• Lifestyle

    Los Angeles Mayor Orders Residential Hotels to Be Used for Temporary Homeless Housing

    This article was originally published by ProPublica, and republished here under a Creative Commons license.

    A 2008 city law intended hotels used as primary residences to be preserved as safety-net housing. But with little enforcement, some landlords had turned their buildings into tourist hotels.

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    Los Angeles Mayor Karen Bass issued an order Wednesday that allows the city to use residential hotel rooms — which by law are intended to be used as permanent housing for some of the city’s poorest residents — to temporarily shelter homeless people.

    The order goes against the goals of a 2008 city law, which sought to preserve nearly 19,000 mostly bare-bones residential hotel rooms as stable housing for low-income, disabled and elderly Angelenos, who were increasingly being displaced by the development of condos and tourist hotels. If residential hotel owners want to convert their buildings into other uses, they must either replace the housing units or pay an equivalent fee to the city.

    The mayor’s order comes nearly four months after a Capital & Main and ProPublica investigation found that at least 21 hotels were renting rooms to tourists and advertising on travel booking websites in apparent violation of the law. In response, the mayor’s office ordered the city’s Housing Department to investigate and account for the lapse in enforcement. Housing officials have issued citations to the owners of 17 of the hotels, ordering them to restore their rooms to residential use. All but one of the owners have appealed the order.

    The order is designed to open additional rooms for the mayor’s Inside Safe initiative and other programs until their participants can be placed in permanent housing. Since the mayor declared a homelessness emergency on her first day in office in December, Inside Safe has cleared some 29 street encampments and moved more than 1,600 people into temporary shelter in more than 40 hotels and motels.

    The new directive, which is in effect until the emergency ends, would significantly expand the city’s short-term shelter options, as there are roughly 300 buildings designated as residential hotels across the city. Any vacant residential hotel unit could be used to provide temporary housing under an agreement with the city.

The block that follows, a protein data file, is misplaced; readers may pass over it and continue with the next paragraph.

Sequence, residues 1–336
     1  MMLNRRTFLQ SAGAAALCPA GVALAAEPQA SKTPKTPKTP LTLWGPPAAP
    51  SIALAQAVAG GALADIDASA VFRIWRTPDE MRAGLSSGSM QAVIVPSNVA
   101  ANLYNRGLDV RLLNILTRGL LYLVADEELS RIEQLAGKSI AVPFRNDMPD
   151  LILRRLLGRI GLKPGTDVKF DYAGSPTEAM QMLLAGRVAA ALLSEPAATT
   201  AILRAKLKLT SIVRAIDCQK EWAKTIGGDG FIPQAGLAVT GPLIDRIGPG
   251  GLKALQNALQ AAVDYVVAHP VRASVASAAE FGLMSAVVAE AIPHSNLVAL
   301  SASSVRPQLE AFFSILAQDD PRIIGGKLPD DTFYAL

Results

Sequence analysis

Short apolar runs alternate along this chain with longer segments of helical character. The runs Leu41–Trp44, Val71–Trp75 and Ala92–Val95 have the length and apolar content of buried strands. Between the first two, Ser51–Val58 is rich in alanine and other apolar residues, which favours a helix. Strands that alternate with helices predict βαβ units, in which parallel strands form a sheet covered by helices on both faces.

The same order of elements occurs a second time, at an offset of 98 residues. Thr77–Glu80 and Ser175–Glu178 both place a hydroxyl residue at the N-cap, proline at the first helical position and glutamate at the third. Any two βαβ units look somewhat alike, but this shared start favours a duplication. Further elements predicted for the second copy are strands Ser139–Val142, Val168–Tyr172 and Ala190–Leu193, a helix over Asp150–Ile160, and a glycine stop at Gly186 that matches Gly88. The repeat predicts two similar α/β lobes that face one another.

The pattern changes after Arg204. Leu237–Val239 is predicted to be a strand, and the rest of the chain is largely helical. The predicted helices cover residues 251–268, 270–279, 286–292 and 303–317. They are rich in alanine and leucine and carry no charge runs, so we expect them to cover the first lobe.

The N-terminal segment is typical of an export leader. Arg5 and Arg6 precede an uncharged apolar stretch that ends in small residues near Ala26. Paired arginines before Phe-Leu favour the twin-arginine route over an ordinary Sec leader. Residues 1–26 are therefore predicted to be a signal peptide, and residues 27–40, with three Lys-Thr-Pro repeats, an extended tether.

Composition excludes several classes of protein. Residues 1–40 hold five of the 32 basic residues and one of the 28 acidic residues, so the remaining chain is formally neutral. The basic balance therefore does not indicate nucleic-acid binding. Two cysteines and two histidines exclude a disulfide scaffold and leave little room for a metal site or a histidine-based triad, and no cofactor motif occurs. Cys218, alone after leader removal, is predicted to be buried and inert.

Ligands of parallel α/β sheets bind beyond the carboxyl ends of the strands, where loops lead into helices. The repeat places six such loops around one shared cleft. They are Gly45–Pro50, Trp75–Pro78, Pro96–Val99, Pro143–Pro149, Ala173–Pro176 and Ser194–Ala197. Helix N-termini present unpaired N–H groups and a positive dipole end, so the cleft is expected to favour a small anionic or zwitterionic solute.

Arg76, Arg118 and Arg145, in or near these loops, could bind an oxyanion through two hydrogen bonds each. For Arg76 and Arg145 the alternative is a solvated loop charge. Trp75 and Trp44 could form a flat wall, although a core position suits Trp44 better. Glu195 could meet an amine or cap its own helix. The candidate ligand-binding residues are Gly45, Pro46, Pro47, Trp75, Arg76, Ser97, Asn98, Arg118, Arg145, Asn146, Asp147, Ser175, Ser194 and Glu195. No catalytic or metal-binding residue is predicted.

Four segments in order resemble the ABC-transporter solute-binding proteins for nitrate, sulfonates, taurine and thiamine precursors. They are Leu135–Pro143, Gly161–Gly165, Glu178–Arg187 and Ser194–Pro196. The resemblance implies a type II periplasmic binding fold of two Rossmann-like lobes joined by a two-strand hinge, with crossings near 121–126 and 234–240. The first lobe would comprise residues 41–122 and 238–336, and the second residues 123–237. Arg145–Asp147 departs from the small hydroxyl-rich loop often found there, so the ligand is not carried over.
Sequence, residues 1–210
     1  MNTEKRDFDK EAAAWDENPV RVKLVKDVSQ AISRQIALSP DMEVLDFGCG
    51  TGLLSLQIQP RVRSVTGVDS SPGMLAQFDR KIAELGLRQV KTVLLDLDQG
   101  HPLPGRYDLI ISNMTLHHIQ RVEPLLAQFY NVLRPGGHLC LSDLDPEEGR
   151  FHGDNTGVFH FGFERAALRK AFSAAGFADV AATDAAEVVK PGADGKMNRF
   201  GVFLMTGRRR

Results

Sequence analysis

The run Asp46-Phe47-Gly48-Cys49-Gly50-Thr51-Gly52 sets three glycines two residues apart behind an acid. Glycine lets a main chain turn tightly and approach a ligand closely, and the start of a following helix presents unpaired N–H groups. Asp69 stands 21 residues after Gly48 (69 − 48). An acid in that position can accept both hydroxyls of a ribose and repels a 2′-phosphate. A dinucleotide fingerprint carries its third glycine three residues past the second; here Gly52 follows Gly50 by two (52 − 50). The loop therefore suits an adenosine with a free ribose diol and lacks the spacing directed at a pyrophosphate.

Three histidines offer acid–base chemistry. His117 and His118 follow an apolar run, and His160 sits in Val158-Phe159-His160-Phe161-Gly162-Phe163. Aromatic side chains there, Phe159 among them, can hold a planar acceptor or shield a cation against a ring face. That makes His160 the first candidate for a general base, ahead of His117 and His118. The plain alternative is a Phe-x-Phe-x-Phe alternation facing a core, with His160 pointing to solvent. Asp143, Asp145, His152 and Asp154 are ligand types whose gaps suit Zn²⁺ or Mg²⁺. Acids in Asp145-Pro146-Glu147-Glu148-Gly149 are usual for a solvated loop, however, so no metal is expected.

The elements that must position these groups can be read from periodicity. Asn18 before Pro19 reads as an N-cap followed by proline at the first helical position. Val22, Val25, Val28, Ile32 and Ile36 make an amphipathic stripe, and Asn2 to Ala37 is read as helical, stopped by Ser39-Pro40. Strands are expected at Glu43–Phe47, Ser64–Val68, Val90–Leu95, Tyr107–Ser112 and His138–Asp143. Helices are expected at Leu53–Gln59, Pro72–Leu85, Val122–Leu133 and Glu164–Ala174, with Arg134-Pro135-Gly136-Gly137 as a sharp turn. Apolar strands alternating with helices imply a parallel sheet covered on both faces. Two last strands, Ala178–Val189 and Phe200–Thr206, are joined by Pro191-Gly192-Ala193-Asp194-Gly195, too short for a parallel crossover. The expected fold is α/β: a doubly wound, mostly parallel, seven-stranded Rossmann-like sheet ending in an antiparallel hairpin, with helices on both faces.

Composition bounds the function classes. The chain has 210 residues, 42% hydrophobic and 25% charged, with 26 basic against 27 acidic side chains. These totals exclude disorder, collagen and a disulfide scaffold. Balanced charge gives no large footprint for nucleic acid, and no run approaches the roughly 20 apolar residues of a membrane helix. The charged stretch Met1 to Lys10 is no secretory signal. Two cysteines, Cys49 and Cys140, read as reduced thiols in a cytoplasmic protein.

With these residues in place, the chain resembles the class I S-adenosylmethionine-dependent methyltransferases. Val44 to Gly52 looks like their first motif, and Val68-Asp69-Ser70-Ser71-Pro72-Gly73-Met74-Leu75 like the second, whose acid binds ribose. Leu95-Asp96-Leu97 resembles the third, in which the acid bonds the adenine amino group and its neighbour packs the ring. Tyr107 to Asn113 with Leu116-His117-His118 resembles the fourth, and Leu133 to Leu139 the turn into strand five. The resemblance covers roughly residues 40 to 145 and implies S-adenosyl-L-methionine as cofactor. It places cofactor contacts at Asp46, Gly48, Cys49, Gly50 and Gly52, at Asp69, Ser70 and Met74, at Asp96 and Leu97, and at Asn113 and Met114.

“This executive directive continues work to help bring unhoused Angelenos inside as quickly as possible so they don’t die on our streets,” Bass spokesperson Zach Seidl wrote in a statement.

    But Barbara Schultz, the director of housing justice at the Legal Aid Foundation of Los Angeles, called the order “incredibly shortsighted” and “a huge step backwards.”

    “Los Angeles is short tens of thousands of permanent units,” Schultz said. “As it is, we can’t move people from interim units into permanent units because of the shortfall. So how does removing permanent units help?”

    Schultz said the mayor’s order could violate a 2006 lawsuit settlement that predates the residential hotel law and requires more than 65 downtown hotels to remain residential.

    As of Oct. 13, Matt Szabo, the city’s chief administrative officer, reported that just 190 of 1,682 Inside Safe participants had found a permanent place to live.

    Similar debates about who should get priority for limited housing and the best ways to address homelessness are playing out in large cities across the country.

    Ray Patel, who heads the North East Los Angeles Hotel Owners Association, said the mayor’s order could be a “win-win” for the city and hotel owners, adding that housing Inside Safe participants would be a good option for hotels without amenities that would attract tourists. “We’ve always been a proponent of the market dictating how hotels rent,” he said.

    Many residential hotel owners stand to earn more than they could from monthly rents as rates under Inside Safe have frequently exceeded $100 a night.

    The city appears to be rethinking its enforcement of the residential hotel law. Under the order, the city would not deem residential hotels in violation if they rent out rooms to the city. This week, the Housing Department postponed at least two appeal hearings involving residential hotels that were offering rooms to tourists because the hotel had applied to participate in Inside Safe.

    The mayor’s order also requires the Housing Department to “conduct a comprehensive review of all residential hotels” within 30 days, so that city officials can consider updates to the residential hotel ordinance.

    Gabriel Sandoval of ProPublica contributed reporting.

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